Curtis Dubay Curtis Dubay
Chief Economist, U.S Chamber of Commerce


February 17, 2023


Retail sales rose a remarkable 3% in January. That is after declines in November and December, which had led many to believe consumer strength was sapped.

Why it matters: Based on last month’s data, consumers still can spend despite inflation, dwindling savings, and shrinking room on their credit cards.

By the numbers: Sales were up in almost every category: 

  • Motor vehicles and parts dealers (5.9%),
  • Furniture stores (4.4%)
  • Electronics and appliance stores (3.5%)
  • Building material and garden supply stores (0.3%)
  • Food and beverage stores (0.1%)
  • Health and personal care stores (1.9%)
  • Clothing and accessory stores (2.5%)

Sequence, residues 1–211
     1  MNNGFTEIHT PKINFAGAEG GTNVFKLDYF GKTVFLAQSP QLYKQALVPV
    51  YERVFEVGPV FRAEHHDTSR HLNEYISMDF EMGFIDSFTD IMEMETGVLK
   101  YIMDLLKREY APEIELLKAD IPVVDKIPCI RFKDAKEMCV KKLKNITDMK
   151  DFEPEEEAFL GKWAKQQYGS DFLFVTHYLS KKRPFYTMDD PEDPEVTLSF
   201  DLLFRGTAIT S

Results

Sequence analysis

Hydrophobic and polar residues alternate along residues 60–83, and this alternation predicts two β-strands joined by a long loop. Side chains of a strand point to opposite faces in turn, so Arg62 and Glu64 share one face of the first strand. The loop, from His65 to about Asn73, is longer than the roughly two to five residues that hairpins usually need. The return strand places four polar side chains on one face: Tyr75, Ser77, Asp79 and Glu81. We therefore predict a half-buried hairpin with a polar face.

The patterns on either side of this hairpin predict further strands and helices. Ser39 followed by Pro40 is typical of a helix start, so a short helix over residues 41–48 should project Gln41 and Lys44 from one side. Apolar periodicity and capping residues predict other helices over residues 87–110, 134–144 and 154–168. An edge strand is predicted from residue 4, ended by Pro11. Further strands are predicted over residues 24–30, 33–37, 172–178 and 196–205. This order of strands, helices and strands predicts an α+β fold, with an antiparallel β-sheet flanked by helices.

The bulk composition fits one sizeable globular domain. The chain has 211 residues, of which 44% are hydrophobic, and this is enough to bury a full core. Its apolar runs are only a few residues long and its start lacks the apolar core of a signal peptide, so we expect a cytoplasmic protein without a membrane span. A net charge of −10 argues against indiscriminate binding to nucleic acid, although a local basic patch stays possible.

• Sporting goods and hobby stores (0.2%)
  • General merchandise stores (3.2%)
  • Food and drinking places (7.2%)
  • Sales were unchanged at gas stations (0%)

Bottom line: Consumer strength has buoyed the economy since COVID. As long as the job market remains robust and incomes steady, consumers will have money to spend, even if they are falling slightly behind inflation. This could put a floor beneath spending and keep it stronger than in previous economic slowdowns.

About the authors

Curtis Dubay

Curtis Dubay

Curtis Dubay is Chief Economist, Economic Policy Division at the U.S. Chamber of Commerce. He heads the Chamber’s research on the U.S. and global economies.

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